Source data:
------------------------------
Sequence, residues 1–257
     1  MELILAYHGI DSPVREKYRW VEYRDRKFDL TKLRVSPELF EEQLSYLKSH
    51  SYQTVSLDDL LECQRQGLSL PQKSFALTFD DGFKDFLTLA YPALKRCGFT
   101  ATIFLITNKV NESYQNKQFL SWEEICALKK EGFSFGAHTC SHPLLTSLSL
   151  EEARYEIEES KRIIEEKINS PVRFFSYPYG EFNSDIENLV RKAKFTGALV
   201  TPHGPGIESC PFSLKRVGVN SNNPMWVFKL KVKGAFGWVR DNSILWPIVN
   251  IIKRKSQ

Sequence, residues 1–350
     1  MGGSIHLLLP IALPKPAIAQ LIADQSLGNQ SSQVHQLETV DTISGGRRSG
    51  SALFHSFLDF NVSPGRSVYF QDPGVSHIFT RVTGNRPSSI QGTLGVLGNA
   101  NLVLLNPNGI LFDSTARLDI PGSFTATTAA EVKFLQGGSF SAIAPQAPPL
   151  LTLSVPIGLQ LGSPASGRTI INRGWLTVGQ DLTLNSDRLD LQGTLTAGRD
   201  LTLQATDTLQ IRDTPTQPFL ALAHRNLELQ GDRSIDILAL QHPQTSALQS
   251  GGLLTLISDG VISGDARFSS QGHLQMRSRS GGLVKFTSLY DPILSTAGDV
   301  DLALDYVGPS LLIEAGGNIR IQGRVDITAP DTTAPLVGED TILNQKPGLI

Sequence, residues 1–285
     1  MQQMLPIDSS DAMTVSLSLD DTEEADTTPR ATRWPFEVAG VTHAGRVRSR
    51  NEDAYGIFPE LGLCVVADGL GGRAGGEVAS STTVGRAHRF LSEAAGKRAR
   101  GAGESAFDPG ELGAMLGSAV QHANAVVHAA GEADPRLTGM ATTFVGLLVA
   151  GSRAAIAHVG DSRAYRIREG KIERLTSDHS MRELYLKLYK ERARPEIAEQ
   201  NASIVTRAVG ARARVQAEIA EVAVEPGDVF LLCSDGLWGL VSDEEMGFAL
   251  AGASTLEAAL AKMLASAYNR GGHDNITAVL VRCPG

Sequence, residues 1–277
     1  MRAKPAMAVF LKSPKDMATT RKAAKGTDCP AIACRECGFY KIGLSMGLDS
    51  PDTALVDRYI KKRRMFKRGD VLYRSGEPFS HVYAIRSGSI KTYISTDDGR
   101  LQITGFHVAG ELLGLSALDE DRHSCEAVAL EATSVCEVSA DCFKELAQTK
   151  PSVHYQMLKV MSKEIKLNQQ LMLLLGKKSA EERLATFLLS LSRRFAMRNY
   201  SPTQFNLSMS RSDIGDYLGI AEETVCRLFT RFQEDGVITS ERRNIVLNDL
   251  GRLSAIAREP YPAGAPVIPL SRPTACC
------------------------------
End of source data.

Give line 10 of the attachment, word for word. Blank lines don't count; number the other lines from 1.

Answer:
    51  SALFHSFLDF NVSPGRSVYF QDPGVSHIFT RVTGNRPSSI QGTLGVLGNA